Documents to download

Since February 2018, the University and College Union (UCU), which represents over 130,000 staff at further and higher education providers across the UK, has been coordinating industrial action in two disputes over pensions and pay and working conditions.

Why have staff been striking?

The disputes between university employers and staff that have prompted industrial action are longstanding.

The first concerns changes to the pension scheme for many university staff – the Universities Superannuation Scheme (USS) – which would mean increased contributions and reduced benefits. A parallel dispute concerns several issues related to pay and working conditions, including pay levels, gender and minority ethnic pay gaps, staff workload, and insecure contracts.

The UCU is demanding:

  • A reverse to a reduction in pension benefits.
  • A pay increase of at least inflation (RPI) plus 2%.
  • Nationally agreed action to close gender, ethnic, and disability pay gaps.
  • An agreed framework to eliminate the use of precarious contracts, such as zero-hours employment.
  • Nationally agreed action to address excessive workloads and unpaid work, including addressing the impact that excessive workloads are having on workforce stress and ill-health.

2023 marking and assessment boycott

Having renewed its mandate for industrial action, the UCU launched a consultation with its members in April 2023 on proposals put forward by employers in both the pensions and pay and working conditions disputes.

The results of the consultation were announced on 17 April 2023. Members voted in favour of pension proposals agreed with employers, including a commitment from employers to prioritise the restoration of retirement benefits. However, members rejected proposals on pay and working conditions. These included a – now imposed – 5-8% pay award, as well as talks with Acas-facilitated terms of reference on non-pay issues such as casualisation, equality pay gaps, and workloads.

On 20 April 2023, the UCU began a marking and assessment boycott in the pay and working conditions dispute (but not the pensions dispute). It has published a list of the institutions affected.

In response, the Universities and Colleges Employers’ Association (UCEA) said universities are legally entitled to withhold full pay for partial performance of employee duties. More than 60 employers said they would deduct between 50% and 100% of wages from those taking part in the marking and assessment boycott.

More information on the boycott and its impact on students is available in the full briefing.

End of the boycott and new strike dates announced

On 6 September 2023, the University and College Union (UCU) announced it was ending its five-month-long marking and assessment boycott. It also said members would strike for five days from Monday 25 to Friday 29 September in the pay and working conditions dispute.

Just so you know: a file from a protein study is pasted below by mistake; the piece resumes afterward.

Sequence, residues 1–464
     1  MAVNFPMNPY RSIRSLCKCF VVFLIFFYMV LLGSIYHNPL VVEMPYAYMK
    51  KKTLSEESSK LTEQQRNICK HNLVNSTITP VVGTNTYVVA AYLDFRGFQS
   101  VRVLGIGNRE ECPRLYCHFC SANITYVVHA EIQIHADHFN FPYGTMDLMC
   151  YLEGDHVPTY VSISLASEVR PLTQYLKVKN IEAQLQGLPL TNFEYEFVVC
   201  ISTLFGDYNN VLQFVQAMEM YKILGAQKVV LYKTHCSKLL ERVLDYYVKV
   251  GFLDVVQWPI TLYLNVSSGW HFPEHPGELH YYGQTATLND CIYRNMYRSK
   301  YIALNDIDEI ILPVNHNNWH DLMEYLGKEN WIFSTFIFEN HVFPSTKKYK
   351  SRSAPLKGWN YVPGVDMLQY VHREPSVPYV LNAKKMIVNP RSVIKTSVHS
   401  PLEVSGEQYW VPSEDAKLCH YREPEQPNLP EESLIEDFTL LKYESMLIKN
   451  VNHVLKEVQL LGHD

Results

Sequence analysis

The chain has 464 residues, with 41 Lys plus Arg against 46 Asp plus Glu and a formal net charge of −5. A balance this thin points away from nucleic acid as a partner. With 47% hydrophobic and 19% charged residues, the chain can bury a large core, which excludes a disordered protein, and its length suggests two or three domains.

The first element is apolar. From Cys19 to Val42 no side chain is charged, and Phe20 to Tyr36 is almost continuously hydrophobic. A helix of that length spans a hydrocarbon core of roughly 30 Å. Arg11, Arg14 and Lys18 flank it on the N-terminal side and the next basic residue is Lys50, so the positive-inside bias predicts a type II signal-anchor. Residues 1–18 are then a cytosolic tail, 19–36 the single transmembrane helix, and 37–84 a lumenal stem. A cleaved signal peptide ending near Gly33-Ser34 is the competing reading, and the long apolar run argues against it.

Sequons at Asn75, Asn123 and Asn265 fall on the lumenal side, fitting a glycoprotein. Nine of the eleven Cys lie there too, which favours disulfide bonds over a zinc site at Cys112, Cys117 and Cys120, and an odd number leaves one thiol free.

Announcing the new strike dates, UCU general secretary Jo Grady said:

It is shameful that vice-chancellors still refuse to settle the dispute despite a year of unprecedented disruption, and have instead imposed a pay award that staff overwhelmingly rejected.

Universities are richer than ever, generating tens of billions of pounds in income and hoarding billions more in cash deposits. But they won’t give staff their fair share, a pay award of 5% is a huge real-terms pay cut and is substantially lower than school teachers received.  

On 11 September 2023, the UCU said it would re-ballot members at 143 universities between 19 September and 3 November. This would allow the union to take further action this year and into 2024 in the dispute over pay and conditions.

The Universities and Colleges Employer Association (UCEA) said it was disappointed more strike action had been called for the end of September, but it welcomed UCU’s acceptance of proposals for independently facilitated talks on a review of sector finances and pay-related matters, including reform of the pay spine, action to reduce pay gaps, and discussions on workload and contracts.

What happens if teaching and assessment is disrupted?

Universities must have in place measures to avoid or limit disruption caused to students by industrial action. This should include ensuring students are not disadvantaged if changes must be made to assessment. Many universities publish information for students on their websites explaining how they respond to industrial action.

Whether students are entitled to tuition fee refunds following industrial action depends on what other actions a university has taken to minimise lost learning opportunities. Students can make any complaints to their university in the first instance. If students are not content with the outcome of a complaint, or if they believe it has been poorly handled, they can contact the relevant higher education ombuds service for their country. 

Over 100,000 students from across the UK have launched a group legal action seeking compensation from UK universities over disruption caused to their studies by the Covid-19 pandemic and industrial action. On 17 July 2023, the High Court ruled a claim against University College London could proceed.

Documents to download

Related posts